Sun Safety in the Shadow of COVID-19

Alexandra Kowcz
Chief Scientist, Personal Care Products Council

Memorial Day Weekend signals the arrival of summer and, with it, familiar warm-weather activities like afternoons at the beach or pool, back-yard BBQs and more time spent outdoors. For many people across the country who have respected the stay-at-home orders to help mitigate the spread of COVID-19, summer cannot come soon enough. And while many states have initiated reopening plans to reboot their economies – easing restrictions on beaches, parks and other outdoor recreational sites – this will not be a typical summer. Although scientists continue to study whether higher temperatures, humidity and sunlight will have a mitigating impact on the spread of COVID-19, health agencies continue to recommend the use of face masks and social distancing.

In addition to these new COVID-19 behaviors we have adopted to keep us healthy, we also need to practice sun safety. While we may be experiencing a vitamin D deficiency from sheltering indoors, it is important to take precautions to protect ourselves from the sun’s damaging rays once we emerge from our homes. Experts believe four out of five cases of skin cancer caused by ultraviolet (UV) exposure could be prevented.

As we begin to venture outdoors, here is a reminder of the measures you can take to stay safe in the sun:

Limit Your Exposure

To protect against damage from the sun’s rays, try to avoid the sun between 10 a.m. and 4 p.m., when the rays are strongest. Another approach to determine when best to stay out of the sun is by using the shadow rule: “Short Shadow, Seek Shade.” The intensity of UV rays is directly related to the angle of the sun (or altitude above the horizon). When a person’s shadow is shorter than they are tall, the intensity of UV rays is more likely to cause sunburn.

You can also consult the UV Index, which indicates how strong the UV light is in your area on any given day. Developed by the U.S. National Weather Service and Environmental Protection Agency, a higher number (from 1 to 11+) means greater risk of exposure and higher chance of sunburn and skin damage that could ultimately lead to skin cancer. When the sun is strongest, seek shade under an umbrella, tree or other sun blocking structure.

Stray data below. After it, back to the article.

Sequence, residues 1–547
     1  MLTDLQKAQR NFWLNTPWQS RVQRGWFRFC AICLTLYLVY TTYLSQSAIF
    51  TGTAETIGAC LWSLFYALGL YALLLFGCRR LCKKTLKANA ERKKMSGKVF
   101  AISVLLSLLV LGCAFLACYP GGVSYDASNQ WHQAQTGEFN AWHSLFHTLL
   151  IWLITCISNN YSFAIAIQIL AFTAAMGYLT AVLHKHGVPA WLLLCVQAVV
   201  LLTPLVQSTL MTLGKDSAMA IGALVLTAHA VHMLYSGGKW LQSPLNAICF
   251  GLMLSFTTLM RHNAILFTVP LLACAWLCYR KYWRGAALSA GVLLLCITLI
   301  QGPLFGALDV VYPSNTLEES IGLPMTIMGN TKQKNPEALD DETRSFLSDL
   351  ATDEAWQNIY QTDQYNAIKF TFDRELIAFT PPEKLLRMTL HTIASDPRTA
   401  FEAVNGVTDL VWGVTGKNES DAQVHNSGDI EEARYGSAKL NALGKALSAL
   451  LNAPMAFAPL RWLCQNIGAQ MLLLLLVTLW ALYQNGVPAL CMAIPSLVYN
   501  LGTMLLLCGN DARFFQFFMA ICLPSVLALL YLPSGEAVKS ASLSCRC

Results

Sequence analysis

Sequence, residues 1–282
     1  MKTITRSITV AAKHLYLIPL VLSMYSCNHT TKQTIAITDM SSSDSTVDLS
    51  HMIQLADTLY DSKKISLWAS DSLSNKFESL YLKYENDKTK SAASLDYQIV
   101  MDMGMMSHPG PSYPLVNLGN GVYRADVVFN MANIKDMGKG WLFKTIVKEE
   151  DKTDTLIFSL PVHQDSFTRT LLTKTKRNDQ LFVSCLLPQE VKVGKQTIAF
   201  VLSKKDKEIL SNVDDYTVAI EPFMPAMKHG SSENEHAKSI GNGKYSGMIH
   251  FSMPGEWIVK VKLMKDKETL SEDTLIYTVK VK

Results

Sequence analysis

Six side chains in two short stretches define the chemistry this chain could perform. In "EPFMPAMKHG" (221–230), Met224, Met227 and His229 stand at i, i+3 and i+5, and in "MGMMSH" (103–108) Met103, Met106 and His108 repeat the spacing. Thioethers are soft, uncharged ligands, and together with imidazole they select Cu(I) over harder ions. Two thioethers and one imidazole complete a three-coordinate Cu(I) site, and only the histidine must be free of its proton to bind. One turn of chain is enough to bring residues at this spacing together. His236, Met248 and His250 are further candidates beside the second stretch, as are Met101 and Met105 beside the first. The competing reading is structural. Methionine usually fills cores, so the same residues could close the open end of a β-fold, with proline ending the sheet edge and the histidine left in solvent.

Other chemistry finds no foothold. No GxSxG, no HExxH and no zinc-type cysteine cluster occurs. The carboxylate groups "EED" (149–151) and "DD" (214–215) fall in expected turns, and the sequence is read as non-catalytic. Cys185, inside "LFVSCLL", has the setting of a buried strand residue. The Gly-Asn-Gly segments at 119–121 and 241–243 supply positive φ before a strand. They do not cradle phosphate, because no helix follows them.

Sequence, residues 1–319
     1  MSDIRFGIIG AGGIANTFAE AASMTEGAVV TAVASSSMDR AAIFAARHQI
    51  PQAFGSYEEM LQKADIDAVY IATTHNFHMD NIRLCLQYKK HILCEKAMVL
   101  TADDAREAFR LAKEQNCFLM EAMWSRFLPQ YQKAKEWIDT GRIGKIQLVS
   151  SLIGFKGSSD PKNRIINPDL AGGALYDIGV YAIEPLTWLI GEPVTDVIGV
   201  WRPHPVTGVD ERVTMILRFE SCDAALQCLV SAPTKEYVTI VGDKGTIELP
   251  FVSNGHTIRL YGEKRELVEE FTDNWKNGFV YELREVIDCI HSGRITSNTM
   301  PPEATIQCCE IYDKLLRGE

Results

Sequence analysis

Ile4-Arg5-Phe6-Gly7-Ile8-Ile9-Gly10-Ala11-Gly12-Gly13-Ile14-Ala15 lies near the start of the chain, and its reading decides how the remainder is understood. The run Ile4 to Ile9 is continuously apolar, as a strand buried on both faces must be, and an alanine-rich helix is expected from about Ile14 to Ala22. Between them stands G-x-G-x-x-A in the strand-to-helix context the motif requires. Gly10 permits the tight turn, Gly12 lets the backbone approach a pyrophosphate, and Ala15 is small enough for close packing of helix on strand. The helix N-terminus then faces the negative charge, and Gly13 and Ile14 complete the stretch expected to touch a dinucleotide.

Wear Protective Clothing

Hats, sunglasses and long-sleeved shirts and pants can provide important protection from UV rays. Clothing made from tightly woven fabric, wide-brimmed hats and sunglasses that block both UVA and UVB rays offer the best protection. Some clothing certified under international standards comes with information on its ultraviolet protection factor.

Liberally Apply Sunscreen

Sunscreens are designed to protect the skin by absorbing, reflecting or dispersing the sun’s rays and are typically categorized into either UV absorbers or UV reflectors. UV absorbers are chemicals, like avobenzone and octinoxate, that absorb UV radiation and convert it to a very low level of heat. UV reflectors block and scatter the rays before they penetrate the skin and include minerals like titanium dioxide or zinc oxide. Both types of sunscreens are available in many forms including lotions, creams, ointments, gels, sprays and balms.

Sunscreens are assigned a sun protection factor (SPF) that rates their effectiveness in blocking UV rays. A product’s SPF helps determine how long it will protect you before you need to re-apply or how long you can stay in the sun without burning. For example, if unprotected skin takes ten minutes to show signs of burning, SPF 30 sunscreen (when properly applied) would slow the rate of burning by 30 times, or 300 minutes in total. SPF 15 would provide 150 safe minutes; SPF 50, 500 minutes; etc.

You should always wear a sunscreen with at least SPF 30, no matter your skin tone. Even people with very dark skin can burn and develop skin cancer. When you see the term “broad spectrum” on a sunscreen product, it means you have protection from both UVA and UVB rays.

Apply your sunscreen liberally at least 30 minutes before going outside and remember to re-apply it every two hours and immediately after swimming or perspiring. If you’re taking medication, ask your doctor if it will make your skin more sensitive to the sun. Certain antibiotics, birth control pills, diuretics, antihistamines and anti-depressants can increase one’s sensitivity to the sun’s rays.

Health and safety are, rightfully, in the spotlight these days. In addition to social distancing and wearing a face covering, don’t forget to protect yourself from the damaging effects of the sun!